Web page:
I hope you will read this wonderful book, which has made me think again about the confusion and despair of suddenly living in the age of Trump here in the States. I think we Americans became complacent: believing our own rhetoric, we fell asleep at the wheel, thinking we were safe, and all the while the projection of our collective shadow was growing and growing, ready to pounce, all the while complacently dreaming of our first woman president, of the fated progress of humanity, and we became derailed when our shadow overcame us. Reading Stephanie’s book shook me out of the fog of malaise and despair most of us are experiencing increasingly after his “election,” and I realized–had been trying to articulate inwardly all along–that this is Life. We Americans know so little of what our neighbors have been enduring for thousands of years, and we are soft and all too trusting. Our ideals may stab us in the back yet.
Here is what I think: a while back, I wrote about a piece by Llewellyn Vaughn-Lee that is about the cyclical nature of the universe. He stated that we are nearing the end of one cycle, and the beginning of the next, and that such a time is always a time of darkness, of confusion, of….waiting, as in the Christian concept of the “In-Between Times”, the time between the Resurrection and the Second Coming. I didn’t want to accept that, I wanted to continue in my New Age-y beliefs of love and light and imminent joy, and I know that there is a place where Joy waits, but for now…he was right. We wait. Trump and his ilk, Brexit, the tragedy of the Middle East and all countries where darkness battles with light, seemingly with imminent victory, are all symbols of that change. Those who think they can make time hold still, who think they can return our country, at least, to the 1950s and its complacency and acquiescence to the Man, may think for a time that they can make that happen, but they are as nothing next to that power that is both might and tenderness that is moving over and closer to the world with every heartbeat. And Stephanie, I have slept better because you did your part to show us where and how to go. We await the Kairos.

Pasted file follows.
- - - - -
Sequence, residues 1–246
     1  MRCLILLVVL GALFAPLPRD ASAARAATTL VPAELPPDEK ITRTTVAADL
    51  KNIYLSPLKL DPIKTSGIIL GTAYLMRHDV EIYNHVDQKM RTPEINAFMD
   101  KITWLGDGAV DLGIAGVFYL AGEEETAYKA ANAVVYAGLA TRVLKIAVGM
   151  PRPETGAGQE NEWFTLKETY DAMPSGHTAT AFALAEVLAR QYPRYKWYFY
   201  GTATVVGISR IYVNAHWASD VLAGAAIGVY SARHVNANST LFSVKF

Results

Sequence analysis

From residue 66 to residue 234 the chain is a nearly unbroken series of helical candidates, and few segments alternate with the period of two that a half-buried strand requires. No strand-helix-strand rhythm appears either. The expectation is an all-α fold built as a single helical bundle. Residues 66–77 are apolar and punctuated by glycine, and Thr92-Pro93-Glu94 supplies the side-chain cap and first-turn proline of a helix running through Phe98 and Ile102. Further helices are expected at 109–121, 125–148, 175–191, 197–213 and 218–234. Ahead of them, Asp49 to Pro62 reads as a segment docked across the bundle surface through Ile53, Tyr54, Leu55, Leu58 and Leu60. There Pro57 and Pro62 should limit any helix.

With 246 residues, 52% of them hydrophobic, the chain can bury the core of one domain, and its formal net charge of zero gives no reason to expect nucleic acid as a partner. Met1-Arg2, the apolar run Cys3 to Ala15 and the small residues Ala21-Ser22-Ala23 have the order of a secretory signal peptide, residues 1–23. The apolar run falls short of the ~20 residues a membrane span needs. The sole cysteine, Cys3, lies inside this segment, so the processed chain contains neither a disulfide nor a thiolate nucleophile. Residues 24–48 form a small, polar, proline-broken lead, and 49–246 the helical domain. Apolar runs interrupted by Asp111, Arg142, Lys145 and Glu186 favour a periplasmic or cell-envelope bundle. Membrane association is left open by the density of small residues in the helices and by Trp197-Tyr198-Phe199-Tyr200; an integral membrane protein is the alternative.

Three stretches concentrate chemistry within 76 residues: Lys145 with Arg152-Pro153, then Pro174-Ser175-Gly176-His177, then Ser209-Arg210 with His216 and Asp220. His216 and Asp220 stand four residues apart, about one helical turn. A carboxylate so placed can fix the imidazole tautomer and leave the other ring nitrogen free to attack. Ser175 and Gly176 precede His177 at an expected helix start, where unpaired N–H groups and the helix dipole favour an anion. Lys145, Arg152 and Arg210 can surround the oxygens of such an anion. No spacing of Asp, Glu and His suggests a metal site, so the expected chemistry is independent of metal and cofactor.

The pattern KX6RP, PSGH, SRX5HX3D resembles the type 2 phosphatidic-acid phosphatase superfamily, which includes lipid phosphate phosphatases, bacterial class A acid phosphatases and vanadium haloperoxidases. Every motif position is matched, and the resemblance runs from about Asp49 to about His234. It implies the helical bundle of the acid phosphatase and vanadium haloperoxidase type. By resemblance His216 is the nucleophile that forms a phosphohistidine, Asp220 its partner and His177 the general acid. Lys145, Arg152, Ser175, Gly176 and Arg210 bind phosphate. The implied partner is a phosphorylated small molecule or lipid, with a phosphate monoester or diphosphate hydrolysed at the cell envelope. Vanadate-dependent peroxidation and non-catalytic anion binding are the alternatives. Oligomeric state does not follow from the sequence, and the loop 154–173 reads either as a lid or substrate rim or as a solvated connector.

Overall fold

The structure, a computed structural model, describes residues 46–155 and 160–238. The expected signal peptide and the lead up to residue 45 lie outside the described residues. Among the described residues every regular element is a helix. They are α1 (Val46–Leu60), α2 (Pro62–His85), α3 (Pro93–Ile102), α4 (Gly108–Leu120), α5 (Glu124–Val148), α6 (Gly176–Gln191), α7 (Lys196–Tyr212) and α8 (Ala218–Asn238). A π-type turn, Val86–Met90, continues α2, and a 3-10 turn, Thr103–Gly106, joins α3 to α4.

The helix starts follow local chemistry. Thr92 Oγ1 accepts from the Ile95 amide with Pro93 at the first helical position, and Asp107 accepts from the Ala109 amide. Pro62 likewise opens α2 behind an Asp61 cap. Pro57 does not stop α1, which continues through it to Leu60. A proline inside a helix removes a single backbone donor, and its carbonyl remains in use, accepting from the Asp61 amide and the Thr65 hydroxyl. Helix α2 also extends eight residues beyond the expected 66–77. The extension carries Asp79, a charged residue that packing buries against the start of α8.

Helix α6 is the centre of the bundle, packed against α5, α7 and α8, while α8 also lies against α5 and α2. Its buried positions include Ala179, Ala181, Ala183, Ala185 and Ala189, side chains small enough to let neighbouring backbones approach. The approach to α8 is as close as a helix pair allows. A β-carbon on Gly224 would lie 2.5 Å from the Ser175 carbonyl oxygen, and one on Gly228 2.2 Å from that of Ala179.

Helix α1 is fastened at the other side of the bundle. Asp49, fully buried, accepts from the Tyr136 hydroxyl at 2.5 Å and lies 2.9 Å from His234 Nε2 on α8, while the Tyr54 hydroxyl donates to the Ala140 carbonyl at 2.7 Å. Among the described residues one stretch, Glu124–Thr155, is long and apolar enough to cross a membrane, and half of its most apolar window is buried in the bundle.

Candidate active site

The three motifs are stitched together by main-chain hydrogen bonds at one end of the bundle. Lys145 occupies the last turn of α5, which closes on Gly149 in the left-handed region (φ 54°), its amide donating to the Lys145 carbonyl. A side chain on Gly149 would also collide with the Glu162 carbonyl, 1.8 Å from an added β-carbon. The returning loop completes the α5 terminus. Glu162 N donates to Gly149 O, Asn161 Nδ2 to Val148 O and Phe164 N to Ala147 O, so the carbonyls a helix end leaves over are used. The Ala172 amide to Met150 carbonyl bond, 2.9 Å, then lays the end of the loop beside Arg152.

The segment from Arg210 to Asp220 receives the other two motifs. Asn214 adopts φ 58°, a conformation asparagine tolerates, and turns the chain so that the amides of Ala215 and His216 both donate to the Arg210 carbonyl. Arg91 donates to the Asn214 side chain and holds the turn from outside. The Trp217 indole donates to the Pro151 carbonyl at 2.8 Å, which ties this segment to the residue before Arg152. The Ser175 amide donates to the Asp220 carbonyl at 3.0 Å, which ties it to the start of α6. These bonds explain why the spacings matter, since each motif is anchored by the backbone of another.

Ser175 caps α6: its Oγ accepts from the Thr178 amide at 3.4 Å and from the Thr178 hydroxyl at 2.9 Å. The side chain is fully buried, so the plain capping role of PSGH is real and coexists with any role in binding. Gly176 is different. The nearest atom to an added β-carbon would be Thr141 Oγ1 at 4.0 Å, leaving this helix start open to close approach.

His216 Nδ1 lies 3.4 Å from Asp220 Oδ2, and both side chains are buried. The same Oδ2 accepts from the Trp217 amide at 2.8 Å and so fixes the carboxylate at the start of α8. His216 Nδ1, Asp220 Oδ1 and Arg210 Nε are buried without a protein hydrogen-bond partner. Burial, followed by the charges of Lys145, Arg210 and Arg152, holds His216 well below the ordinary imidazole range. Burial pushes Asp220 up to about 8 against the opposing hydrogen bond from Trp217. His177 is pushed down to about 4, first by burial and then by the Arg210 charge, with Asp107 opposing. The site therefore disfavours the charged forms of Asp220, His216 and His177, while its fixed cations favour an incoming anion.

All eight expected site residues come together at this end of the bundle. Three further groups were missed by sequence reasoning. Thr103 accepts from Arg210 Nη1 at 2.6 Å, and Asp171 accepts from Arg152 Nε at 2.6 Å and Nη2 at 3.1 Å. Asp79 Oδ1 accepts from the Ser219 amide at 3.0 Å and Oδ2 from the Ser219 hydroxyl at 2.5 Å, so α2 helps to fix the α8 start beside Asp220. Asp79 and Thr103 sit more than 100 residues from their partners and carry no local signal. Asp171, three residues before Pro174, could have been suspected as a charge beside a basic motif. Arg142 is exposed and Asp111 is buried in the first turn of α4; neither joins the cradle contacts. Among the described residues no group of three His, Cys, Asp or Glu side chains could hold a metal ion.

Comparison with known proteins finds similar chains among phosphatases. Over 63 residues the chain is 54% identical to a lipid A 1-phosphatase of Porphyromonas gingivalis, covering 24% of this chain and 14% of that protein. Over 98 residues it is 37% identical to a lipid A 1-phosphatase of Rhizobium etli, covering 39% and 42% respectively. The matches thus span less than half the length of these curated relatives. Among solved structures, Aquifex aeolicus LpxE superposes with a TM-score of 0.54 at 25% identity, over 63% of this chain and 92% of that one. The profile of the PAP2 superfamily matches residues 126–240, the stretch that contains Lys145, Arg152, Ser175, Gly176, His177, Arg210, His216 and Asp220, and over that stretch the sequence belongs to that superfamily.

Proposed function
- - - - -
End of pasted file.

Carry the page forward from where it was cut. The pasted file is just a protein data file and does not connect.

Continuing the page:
Be of good cheer.
“Remember that all through history, there have been tyrants and murderers, and for a time, they seem invincible. But in the end, they always fall. Always.” – Gandhi
2 thoughts on “A Country Between”
Thank you for sharing your insights and hopes from reading these books. It lights my inspiration as well. I remember my visit to your home many years ago with Rabia McIlvaine and another sufi woman (her name escapes me momentarily).
Be well. Love, Shirin
I’m trying to remember you, your name is so familiar….I assume you know about our beloved Rabia, such a shock; she was such a wonderful soul.